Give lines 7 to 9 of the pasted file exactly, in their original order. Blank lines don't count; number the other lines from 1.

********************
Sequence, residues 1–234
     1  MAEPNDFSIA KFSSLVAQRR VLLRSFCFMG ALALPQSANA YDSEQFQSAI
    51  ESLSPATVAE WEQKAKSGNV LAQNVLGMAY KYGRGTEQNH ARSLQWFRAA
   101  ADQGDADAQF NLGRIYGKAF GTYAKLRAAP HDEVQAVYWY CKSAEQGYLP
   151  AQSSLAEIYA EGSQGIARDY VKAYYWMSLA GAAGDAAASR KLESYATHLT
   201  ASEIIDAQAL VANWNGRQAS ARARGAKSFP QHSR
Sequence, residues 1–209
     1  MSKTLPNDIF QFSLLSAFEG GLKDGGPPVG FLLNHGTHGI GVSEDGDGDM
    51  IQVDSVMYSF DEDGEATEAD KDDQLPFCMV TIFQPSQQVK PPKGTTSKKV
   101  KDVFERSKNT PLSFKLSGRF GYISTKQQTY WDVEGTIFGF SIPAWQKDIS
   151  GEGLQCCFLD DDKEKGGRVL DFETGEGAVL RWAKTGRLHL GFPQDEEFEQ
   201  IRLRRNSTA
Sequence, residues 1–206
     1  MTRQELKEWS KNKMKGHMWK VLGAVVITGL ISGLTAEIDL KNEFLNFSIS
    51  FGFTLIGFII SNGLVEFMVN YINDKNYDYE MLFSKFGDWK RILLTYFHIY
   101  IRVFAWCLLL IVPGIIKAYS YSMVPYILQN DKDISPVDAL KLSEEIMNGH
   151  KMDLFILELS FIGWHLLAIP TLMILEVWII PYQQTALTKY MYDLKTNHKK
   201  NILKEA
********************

Sequence, residues 1–209
     1  MSKTLPNDIF QFSLLSAFEG GLKDGGPPVG FLLNHGTHGI GVSEDGDGDM
    51  IQVDSVMYSF DEDGEATEAD KDDQLPFCMV TIFQPSQQVK PPKGTTSKKV